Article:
@Mark Brown

I'd like to know how to do a good job with rehab on these with only $2500.  It may be possible but I've spent many times that to do a good job and can't see how it could have been done cheaper.  Leaking windows, doors, A/C units, etc can create havoc that's not always visible during inspection.  Small things like aluminum wiring, pests nesting in insulation, rotting boards where you don't expect them, etc can really add up in time and money.

I've got a bad habit of looking at a place and seeing how "easy" it would be to do.  Then I spend way too much time and money on the project because I want it "done right".

On the other hand, I spent 25K to renovate a double wide and am getting $1150 in rent.  I doubt I would have gotten that with just a $2500 reno.

Thanks for all the advice guys. Seems like there is plenty to do... If we end up doing this deal, I'm going to deduct some of these reno costs from my offer for sure. I looked online yesterday at what a $10K used mobile home looked like and most of these were in considerably better shape than any of the vacant ones I'm buying. I like the idea of doing the vinyl floors instead of carpet. I don't think any of these homes had AC or heat (definitely not central), so that's another aspect I'd have to contemplate. Do you guys furnish window units in your Mobile Homes?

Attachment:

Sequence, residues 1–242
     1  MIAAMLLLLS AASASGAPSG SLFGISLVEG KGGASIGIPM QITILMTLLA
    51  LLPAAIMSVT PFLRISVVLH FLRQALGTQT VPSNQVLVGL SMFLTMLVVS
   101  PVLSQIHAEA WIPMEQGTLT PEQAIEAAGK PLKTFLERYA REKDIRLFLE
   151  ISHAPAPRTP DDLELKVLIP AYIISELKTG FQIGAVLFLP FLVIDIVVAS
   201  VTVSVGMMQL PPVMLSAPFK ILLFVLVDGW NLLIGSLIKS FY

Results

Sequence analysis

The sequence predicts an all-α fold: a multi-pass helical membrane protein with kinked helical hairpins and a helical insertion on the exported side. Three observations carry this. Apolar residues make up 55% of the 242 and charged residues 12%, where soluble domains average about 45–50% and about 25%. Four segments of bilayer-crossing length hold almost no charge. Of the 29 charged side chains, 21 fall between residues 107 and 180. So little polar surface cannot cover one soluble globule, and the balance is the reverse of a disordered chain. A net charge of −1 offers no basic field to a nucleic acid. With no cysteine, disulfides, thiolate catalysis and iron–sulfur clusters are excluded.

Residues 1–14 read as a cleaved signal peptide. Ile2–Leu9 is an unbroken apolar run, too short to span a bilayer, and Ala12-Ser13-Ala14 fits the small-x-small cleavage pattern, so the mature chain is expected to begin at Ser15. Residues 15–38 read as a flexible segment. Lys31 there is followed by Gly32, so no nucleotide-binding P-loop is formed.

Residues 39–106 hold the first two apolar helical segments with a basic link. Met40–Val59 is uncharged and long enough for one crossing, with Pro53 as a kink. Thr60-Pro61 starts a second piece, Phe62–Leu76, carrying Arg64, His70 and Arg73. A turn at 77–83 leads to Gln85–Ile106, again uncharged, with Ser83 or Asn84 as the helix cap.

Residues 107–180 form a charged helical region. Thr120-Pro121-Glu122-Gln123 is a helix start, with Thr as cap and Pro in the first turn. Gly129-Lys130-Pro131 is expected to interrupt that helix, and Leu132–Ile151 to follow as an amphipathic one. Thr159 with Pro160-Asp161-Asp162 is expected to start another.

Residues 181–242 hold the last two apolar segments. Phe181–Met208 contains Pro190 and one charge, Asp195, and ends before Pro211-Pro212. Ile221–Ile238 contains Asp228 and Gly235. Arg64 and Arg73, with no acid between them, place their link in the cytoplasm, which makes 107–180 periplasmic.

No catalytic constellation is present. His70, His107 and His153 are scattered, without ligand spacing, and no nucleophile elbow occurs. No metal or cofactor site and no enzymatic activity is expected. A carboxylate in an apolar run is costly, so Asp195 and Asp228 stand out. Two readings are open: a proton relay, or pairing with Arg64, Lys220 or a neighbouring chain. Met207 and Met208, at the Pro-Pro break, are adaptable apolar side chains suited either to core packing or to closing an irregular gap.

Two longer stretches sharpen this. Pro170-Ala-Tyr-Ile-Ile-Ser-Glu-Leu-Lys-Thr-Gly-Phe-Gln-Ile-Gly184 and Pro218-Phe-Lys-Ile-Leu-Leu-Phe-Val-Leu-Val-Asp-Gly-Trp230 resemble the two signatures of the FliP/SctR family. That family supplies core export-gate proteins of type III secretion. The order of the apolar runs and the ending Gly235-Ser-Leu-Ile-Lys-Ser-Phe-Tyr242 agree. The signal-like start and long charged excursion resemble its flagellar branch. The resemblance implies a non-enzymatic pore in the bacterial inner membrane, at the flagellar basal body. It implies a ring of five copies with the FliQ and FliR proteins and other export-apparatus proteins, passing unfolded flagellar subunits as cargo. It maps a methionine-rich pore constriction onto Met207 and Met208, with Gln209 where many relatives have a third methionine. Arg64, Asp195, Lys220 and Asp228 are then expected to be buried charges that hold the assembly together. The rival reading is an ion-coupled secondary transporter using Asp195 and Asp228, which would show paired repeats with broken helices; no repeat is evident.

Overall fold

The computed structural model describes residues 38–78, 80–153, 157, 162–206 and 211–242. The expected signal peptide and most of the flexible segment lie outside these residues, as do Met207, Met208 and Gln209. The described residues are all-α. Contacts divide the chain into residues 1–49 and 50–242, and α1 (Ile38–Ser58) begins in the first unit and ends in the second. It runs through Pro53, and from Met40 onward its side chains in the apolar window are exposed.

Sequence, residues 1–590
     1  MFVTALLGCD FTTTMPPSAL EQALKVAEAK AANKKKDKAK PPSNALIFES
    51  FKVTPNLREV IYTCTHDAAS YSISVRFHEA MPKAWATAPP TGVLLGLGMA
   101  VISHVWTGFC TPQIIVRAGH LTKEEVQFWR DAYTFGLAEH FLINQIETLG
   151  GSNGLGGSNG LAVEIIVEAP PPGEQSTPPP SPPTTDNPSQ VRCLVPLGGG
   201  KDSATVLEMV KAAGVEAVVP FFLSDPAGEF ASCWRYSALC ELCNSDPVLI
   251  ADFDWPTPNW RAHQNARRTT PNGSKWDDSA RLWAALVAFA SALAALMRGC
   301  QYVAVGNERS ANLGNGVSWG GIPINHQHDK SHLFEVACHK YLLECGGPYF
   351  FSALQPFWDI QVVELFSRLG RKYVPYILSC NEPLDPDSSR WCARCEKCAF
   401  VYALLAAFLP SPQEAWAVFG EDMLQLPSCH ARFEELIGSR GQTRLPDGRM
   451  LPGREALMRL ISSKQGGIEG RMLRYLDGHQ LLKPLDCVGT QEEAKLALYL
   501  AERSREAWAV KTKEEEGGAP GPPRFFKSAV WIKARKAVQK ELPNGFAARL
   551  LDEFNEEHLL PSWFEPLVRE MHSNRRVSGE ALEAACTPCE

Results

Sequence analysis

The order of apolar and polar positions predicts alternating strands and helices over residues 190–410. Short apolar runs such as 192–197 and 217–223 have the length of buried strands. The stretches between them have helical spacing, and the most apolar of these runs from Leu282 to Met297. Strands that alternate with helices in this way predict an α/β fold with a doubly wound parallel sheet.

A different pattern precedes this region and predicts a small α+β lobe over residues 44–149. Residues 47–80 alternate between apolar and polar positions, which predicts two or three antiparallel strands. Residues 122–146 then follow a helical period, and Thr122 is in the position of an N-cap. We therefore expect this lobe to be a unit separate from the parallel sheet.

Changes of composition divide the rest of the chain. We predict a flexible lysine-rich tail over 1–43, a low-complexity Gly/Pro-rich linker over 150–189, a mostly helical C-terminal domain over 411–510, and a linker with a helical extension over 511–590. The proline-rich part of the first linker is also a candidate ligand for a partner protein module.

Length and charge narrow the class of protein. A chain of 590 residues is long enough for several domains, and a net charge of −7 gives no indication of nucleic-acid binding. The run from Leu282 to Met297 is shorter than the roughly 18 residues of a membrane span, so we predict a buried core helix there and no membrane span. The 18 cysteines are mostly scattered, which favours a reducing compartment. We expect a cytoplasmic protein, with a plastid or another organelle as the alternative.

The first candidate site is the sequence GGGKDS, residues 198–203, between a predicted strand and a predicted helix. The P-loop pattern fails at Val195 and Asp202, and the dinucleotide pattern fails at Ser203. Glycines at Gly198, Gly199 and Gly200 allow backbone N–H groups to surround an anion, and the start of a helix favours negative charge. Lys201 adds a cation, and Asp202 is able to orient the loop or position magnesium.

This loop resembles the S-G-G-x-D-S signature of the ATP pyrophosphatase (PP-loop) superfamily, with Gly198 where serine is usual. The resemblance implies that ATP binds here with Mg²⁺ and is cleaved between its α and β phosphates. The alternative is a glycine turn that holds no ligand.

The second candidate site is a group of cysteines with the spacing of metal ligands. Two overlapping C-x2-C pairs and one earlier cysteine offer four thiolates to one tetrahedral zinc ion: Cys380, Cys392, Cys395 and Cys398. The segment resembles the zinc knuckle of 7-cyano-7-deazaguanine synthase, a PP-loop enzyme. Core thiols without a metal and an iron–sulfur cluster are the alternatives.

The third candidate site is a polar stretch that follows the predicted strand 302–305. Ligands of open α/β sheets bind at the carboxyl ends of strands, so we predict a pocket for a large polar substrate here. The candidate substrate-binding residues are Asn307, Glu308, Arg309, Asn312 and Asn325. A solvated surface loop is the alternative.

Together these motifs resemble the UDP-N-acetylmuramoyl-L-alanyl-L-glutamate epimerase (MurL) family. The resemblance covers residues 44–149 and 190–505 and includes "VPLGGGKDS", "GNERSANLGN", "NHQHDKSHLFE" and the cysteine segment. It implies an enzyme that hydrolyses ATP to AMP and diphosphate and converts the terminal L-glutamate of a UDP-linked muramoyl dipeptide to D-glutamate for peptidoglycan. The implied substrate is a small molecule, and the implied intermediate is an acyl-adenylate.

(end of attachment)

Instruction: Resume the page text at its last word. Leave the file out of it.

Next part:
I'm not that far from you, so cost should be comparable. I have flipped (3) using lease purchases. I typically sink $5000 to $7500 into similar renovations. I do include a/c when necessary, but liability is theirs, if there are any issues since they are ultimately purchasing. I am purchasing for $5000 to $9000, and selling the homes from $26,000 to $38,000, (plus finance charges) and that is still cheaper than they will typically get from a dealer on a used home. My father works for a dealer, and they struggle getting customers financed. Buyers are plentiful. My homes are all 3/2 in parks with great school districts.

Originally posted by @Curt Smith :

I'll guess 800 sqft since you didn't say.  The hot tactic is to NOT do carpet, but wood grain vinyl through out.  Use the new thick stuff.  about 1/8" think.  Stronger and hides floor mis match.  Lasts longer than carpet.  

Great advice! I also like the removable squares of whatever it is (very hard - looks like the old asbestos but isn't) so one can do a small area replacement.